Coastal Birding for Birders

You don’t even need to be a seasoned birder to enjoy the experience of bird-banding with the Birmingham Audubon Society. It takes place during the annual spring and fall migration at the Fort Morgan Historical Park, about 30 miles from Orange Beach. This birding hotspot at Fort Morgan, designated as "One Hundred Globally Important Bird Areas" by the American Bird Conservancy, is part of the Alabama Coastal Birding Trail, a network of six birding loops spanning over 200 coastal miles.

“This is the birds’ first stop for food after a six-hundred-mile journey,” explains Brittany Peterson, manager of the Bon Secour National Wildlife Refuge and birding expert. “Think about yourself, if you drove that long in your car non-stop without eating or drinking.  It’s a pretty amazing feat that something this small can do that year after year,” she adds as she holds the small Northern Wood Thrush in her hands that was just banded and weighed for tracking research.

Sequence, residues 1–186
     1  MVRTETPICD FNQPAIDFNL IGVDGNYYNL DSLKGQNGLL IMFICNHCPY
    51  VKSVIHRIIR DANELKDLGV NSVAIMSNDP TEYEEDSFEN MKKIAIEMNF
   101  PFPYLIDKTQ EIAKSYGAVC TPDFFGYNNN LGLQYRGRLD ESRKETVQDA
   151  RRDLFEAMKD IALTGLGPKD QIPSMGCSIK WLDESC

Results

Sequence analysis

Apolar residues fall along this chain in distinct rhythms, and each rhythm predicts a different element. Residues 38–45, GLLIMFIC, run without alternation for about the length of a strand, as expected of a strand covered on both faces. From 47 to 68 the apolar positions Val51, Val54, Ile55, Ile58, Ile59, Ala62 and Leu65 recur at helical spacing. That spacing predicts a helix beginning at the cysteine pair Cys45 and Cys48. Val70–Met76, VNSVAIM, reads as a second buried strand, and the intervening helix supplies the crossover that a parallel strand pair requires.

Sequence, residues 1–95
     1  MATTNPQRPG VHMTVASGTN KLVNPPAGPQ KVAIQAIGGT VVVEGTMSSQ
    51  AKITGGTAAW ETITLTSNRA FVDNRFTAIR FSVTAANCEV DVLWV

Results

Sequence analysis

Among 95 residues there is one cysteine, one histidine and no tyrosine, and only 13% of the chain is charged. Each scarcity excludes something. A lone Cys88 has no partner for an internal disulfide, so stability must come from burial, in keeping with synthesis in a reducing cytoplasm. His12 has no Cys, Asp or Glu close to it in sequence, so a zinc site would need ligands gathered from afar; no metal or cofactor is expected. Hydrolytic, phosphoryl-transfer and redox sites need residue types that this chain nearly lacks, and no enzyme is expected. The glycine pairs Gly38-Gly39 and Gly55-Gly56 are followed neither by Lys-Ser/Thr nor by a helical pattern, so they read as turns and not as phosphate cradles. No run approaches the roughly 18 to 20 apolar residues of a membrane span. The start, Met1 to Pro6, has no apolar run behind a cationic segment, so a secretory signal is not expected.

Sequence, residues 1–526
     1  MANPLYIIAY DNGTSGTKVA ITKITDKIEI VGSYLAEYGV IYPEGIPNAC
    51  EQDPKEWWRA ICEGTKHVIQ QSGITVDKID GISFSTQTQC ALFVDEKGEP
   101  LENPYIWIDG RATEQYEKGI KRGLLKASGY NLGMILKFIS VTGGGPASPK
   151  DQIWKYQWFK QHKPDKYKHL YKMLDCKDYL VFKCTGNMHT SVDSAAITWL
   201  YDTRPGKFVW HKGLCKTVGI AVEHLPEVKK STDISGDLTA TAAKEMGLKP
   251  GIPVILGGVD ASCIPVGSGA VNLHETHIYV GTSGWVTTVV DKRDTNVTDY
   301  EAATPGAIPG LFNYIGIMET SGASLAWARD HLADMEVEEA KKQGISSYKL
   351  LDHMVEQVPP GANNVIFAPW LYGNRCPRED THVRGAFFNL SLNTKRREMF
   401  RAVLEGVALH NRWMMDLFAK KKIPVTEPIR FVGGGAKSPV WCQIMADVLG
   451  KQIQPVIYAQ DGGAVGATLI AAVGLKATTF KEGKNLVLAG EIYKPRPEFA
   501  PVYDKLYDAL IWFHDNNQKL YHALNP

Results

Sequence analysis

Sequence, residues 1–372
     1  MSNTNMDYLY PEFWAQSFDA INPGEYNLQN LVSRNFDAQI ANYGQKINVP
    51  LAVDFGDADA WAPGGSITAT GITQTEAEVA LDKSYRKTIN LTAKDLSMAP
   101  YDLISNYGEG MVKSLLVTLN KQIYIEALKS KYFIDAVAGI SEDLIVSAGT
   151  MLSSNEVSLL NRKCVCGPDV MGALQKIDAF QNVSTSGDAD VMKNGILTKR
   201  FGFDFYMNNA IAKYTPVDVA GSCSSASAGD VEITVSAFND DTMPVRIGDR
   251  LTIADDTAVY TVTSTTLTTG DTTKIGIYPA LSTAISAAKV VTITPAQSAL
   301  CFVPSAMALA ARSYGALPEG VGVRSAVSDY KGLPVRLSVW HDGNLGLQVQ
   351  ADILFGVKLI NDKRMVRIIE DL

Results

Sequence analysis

“Now who would like to release him?” Peterson asks.  Hands quickly pop up. The crowd includes both seasoned birders, judging by their gear, hats, pins and patches, as well as those new to catching a glimpse of these tiny but mighty species on their rest break. Everyone was entranced by this rare opportunity to handle and release the banded birds back into the air from their hands. For a moment, you felt a bit like James Audubon himself, the ornithologist and bird illustrator often credited with coming up with the very first bird-banding experiment.